The short answer to the question-as-a-title of this blog post is no, I (we) do all the work for my (our) insulin pump(s)…they’re smart and capable, but only with the input of the people handling them.

The Best Time to Do a Pod Change

Whether you’re new to using an insulin pump or a seasoned pro, you might be wondering if there’s a time of day that’s most ideal to do a pod/site change.

And I’m here to tell you…there isn’t a one-size-fits-all answer. (Sorry!)

Like many aspects of life with diabetes, the best time to do a pod change will be different for everyone.

However, I do feel pretty strongly about what works best for me, and I can explain why it does. Maybe that will help you or a T1D in your life decide what makes the most sense for your individual situation!

The best time to do a pod or an insulin pump site change will probably vary for most people with diabetes, just like so many other things.

In my opinion, the best time to change my pod is within the 3-hour window after I’ve eaten dinner. Since I typically eat at about 5:30/6 o’clock, this means that I like to change my pod no later than 9 o’clock at night (but preferably sometime around 8).

Here are the reasons why:

  • I can take my dinnertime bolus using a pod that I know for certain is acting the way it should.
  • That timeframe is early enough for me to verify that my new pod is acting the way it should before I go to bed.
  • Usually, I don’t eat much in the evenings after dinner, so even if my new pod isn’t working right, it’s not too big of a deal because it’s not like I’ll be bolusing for mealtime carbohydrates.
  • When I change my pod at other times of the day, it interrupts other aspects of my daily flow (e.g., my wake-up time or my work schedule).
  • There’s something to be said for ending my day with a fresh pod and incorporating the pod change into my bedtime wind-down routine.

Of course, I’ve had to change my pod at less-than-ideal times (I recently did a 6 A.M. pod change because I was deliberately wearing my pod for the maximum 80 hours and it was not my favorite way to start my day). Pods fail or get knocked off and I’ve learned to roll with the punches by having back-ups at all times.

But since I know my best time for a pod change, it’s really nice when I can stick with it…because any reliable aspect of life with diabetes is one that makes it ever-so-slightly more tolerable.

Throwback to My First Day With the OmniPod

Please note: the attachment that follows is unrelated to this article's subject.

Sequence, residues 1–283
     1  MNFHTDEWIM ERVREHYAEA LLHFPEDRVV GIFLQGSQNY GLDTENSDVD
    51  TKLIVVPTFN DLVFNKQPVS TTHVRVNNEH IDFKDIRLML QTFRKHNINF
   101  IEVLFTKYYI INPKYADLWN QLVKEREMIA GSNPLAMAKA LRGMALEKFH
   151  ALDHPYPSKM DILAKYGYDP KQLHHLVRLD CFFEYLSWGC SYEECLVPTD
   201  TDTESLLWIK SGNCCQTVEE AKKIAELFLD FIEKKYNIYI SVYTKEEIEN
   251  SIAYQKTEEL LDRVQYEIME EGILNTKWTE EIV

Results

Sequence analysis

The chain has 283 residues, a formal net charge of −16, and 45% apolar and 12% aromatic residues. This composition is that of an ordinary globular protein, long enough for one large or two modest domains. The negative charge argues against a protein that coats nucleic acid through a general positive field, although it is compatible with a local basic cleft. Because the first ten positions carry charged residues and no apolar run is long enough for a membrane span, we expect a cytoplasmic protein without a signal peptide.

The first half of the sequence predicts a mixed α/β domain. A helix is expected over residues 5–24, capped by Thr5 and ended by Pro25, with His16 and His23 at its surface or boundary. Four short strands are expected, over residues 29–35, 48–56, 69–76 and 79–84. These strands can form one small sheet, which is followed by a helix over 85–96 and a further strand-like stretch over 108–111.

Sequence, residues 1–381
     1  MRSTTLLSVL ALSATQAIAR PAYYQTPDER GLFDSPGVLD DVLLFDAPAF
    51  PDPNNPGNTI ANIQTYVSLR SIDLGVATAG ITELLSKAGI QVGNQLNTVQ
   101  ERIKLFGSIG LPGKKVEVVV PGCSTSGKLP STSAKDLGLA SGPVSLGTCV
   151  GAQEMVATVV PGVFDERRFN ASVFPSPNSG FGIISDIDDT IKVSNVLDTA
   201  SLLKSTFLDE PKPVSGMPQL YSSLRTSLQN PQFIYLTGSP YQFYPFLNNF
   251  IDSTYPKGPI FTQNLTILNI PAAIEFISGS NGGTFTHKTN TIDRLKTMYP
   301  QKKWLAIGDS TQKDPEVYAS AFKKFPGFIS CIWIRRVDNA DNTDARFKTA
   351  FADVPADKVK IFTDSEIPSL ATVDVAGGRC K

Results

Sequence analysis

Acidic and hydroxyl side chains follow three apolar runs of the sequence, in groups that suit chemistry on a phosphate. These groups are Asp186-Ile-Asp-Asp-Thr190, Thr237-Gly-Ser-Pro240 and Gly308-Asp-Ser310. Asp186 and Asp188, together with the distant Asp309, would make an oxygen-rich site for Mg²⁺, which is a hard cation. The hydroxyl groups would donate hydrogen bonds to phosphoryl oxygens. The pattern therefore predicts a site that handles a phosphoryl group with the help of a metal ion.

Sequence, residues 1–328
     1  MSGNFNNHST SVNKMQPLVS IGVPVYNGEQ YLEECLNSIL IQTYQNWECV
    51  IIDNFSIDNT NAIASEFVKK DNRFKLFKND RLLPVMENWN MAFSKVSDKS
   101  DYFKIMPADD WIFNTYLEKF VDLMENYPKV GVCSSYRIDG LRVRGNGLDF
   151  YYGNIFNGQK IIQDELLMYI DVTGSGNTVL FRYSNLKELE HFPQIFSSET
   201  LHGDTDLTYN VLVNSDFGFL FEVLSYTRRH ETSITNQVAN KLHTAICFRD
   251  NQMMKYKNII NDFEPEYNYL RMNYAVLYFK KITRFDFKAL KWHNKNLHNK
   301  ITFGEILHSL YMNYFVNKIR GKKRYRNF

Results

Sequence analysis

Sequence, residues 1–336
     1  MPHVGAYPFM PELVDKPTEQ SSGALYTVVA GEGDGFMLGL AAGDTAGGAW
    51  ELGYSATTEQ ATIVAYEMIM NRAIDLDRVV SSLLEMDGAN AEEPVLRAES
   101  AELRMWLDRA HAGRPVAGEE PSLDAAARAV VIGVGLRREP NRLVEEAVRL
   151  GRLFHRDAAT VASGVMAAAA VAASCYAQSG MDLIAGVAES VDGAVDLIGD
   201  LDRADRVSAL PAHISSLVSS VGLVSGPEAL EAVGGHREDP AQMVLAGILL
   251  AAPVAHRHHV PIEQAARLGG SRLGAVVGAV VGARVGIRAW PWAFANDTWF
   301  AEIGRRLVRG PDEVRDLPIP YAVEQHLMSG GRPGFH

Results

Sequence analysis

Life is incredibly busy lately; as a result, I don’t have as much time as I’d like to write brand-new blog posts! But I thought this would be a fun throwback to publish today: the post I wrote for ASweetLife.org on January 21, 2015. It’s all about how I got started with my first (and only) insulin pump, the OmniPod. I’ve written so much about it here in the last few years and it recently occurred to me that I’ve never gone into much detail on how my first day with it went. Fortunately, I rediscovered this post, which does a great job at capturing all the emotions I experienced that day. Read on for more…

Today marks a new beginning for me. After seventeen years of taking insulin shots, I’ve made the move to a higher form of technology: the insulin pump! My pump of choice? The OmniPod, which appealed to me mainly because it is tubeless and my mother also uses it.

As the day went on, I experienced an array of emotions. I woke up feeling pumped (ha-ha, diabetic humor) because I realized I would be taking my last shot via insulin pen for the time being at breakfast. It was pretty anti-climatic, but a major moment for me nonetheless.

Some anxiety started settling in around midday. This was partly due to the fact I knew my visit with my diabetes educator would last roughly three hours in duration. I wasn’t exactly thrilled about having to spend a good chunk of my day off at the doctor’s office. I also had a few lingering questions. When would I take my first bolus? When would I be able to eat my next meal? Would it hurt when I inserted a new pod? I was driving myself nuts with my ceaseless stream of questions.

When it came time for me to actually leave for my appointment, I felt as ready as ever. I decided it would be best to just go with the flow and be patient as I listened to everything my diabetes educator needed to say to me.

Turns out there are no cutesy cartoons of insulin pumps out there (go figure)…but this woman looks like she COULD be playing with a new pump (a huge, futuristic one, that is).